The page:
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A closer look at expanded carrier screening from a PGD perspective

Vaz-de-Macedo, C; Harper, J; (2017) A closer look at expanded carrier screening from a PGD perspective. Human Reproduction , 32 (10) pp. 1951-1956. 10.1093/humrep/dex272. Green open access

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Abstract

Conventionally, the search for carrier status was based on ethnicity and/or family history and targeted to a restricted number of genetic conditions and mutations. This is now being replaced by extended panels testing for hundreds of genetic disorders with a broad range of phenotypes, in what is called ‘expanded carrier screening’. While the ultimate aim of these panels is to increase the reproductive autonomy of the individuals and couples by providing preconception knowledge that could lead to the broadest range of available options, including PGD, we argue that: (i) Given the number and heterogeneity of the conditions included in panels, it cannot be guaranteed that a couple who tests positive for one of those conditions will be eligible for PGD; patients should be informed of this potential limitation before undertaking screening. (ii) Family history is typically lacking in couples identified through panels as being at high-risk for certain disorders. This should promote a reflection on the inclusion of personal experience with a condition as a consideration for PGD in disorders with incomplete penetrance or for which treatment options are available. (iii) With the advent of next-generation sequencing panels, cases of couples in which one member carries a disease-causing variant and the other has a variant of uncertain significance found in the same gene are likely to become more common and need to be discussed from the PGD perspective. (iv) With comprehensive panels where healthy individuals are likely to be identified as carriers for several conditions, testing of carrier status for embryos and prioritisation of the embryos to transfer needs reassessing. We believe that these points should be included in the discussion on expanded carrier screening and that all stakeholders, patients included, must be aware of the challenges and limitations that may come with a positive result.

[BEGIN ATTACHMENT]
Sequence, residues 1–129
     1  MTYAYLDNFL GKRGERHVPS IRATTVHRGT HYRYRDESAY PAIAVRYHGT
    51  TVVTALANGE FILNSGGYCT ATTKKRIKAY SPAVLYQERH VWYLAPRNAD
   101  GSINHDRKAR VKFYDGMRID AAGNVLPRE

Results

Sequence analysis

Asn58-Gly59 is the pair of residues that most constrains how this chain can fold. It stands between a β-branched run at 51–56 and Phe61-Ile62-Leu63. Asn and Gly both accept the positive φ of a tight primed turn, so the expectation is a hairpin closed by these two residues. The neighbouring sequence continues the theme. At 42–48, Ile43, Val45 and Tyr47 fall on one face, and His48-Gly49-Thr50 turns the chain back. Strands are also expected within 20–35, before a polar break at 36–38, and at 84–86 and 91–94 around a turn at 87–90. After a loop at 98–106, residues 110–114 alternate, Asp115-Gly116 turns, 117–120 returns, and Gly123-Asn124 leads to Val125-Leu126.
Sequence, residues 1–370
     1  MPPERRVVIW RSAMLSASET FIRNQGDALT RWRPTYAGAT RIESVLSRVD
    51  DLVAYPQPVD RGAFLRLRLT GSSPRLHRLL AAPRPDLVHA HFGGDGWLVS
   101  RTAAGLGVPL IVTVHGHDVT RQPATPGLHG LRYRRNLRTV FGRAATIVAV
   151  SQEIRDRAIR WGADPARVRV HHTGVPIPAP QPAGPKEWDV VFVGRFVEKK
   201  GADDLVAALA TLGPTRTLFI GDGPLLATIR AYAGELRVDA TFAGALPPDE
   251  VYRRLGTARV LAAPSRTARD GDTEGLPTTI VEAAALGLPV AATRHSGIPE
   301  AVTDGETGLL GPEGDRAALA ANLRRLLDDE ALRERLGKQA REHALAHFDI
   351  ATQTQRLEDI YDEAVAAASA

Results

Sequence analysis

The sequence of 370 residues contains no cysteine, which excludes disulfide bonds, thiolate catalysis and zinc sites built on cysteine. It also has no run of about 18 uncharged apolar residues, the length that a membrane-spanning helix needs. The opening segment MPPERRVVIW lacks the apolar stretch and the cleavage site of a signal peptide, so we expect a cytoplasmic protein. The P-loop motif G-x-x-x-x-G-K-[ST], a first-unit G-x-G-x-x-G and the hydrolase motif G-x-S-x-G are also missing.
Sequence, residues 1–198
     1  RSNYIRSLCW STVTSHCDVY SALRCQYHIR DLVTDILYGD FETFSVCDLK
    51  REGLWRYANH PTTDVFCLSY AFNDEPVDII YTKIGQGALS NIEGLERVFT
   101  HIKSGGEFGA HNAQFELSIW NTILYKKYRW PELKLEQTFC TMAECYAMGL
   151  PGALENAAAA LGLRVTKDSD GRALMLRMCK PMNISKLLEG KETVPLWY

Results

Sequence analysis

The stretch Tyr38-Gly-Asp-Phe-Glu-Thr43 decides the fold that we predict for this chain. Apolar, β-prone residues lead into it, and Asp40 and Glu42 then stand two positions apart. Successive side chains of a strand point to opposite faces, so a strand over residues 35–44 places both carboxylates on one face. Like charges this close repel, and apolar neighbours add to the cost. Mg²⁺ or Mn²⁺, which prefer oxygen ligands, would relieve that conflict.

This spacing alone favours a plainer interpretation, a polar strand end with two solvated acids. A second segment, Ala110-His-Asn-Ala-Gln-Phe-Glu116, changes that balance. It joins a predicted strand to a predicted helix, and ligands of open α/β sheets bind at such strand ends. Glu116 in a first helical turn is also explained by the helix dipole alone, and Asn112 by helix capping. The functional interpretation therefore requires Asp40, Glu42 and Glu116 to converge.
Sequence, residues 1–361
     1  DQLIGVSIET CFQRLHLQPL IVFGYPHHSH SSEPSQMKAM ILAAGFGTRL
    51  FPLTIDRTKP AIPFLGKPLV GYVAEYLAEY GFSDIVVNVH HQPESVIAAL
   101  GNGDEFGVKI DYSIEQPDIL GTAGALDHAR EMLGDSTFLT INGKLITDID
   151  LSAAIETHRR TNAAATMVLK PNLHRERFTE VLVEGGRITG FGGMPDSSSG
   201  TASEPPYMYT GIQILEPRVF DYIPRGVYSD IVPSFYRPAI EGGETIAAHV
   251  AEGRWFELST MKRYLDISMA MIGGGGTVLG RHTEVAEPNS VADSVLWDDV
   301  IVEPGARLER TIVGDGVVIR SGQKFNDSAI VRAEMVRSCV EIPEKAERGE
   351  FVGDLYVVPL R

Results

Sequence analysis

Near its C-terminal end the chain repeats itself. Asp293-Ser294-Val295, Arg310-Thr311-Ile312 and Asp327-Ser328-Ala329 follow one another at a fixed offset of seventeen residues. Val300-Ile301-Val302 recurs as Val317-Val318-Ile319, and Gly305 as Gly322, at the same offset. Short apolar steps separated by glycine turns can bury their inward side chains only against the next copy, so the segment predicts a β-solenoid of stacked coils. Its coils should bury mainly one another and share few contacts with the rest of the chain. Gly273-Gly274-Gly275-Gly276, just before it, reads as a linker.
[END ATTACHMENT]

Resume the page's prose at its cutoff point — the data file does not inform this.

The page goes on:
Type: Article
Title: A closer look at expanded carrier screening from a PGD perspective
Open access status: An open access version is available from UCL Discovery
DOI: 10.1093/humrep/dex272
Publisher version: https://doi.org/10.1093/humrep/dex272
Language: English
Additional information: This version is the author accepted manuscript. For information on re-use, please refer to the publisher’s terms and conditions.
Keywords: Science & Technology, Life Sciences & Biomedicine, Obstetrics & Gynecology, Reproductive Biology, expanded carrier screening, carrier screening panels, PGD, reproductive autonomy, reproductive choice, PREIMPLANTATION GENETIC DIAGNOSIS, ESHRE TASK-FORCE, PRENATAL-DIAGNOSIS, REPRODUCTIVE MEDICINE, CURRENT CONTROVERSIES, INCIDENTAL FINDINGS, JEWISH POPULATION, HIGH-THROUGHPUT, ETHICS, DISORDERS
UCL classification: UCL > Provost and Vice Provost Offices
UCL > Provost and Vice Provost Offices > School of Life and Medical Sciences
UCL > Provost and Vice Provost Offices > School of Life and Medical Sciences > Faculty of Pop Health Sciences > Inst for Women's Health
UCL > Provost and Vice Provost Offices > School of Life and Medical Sciences > Faculty of Pop Health Sciences > Inst for Women's Health > Reproductive Health
URI: http://discovery.ucl.ac.uk/id/eprint/10067434
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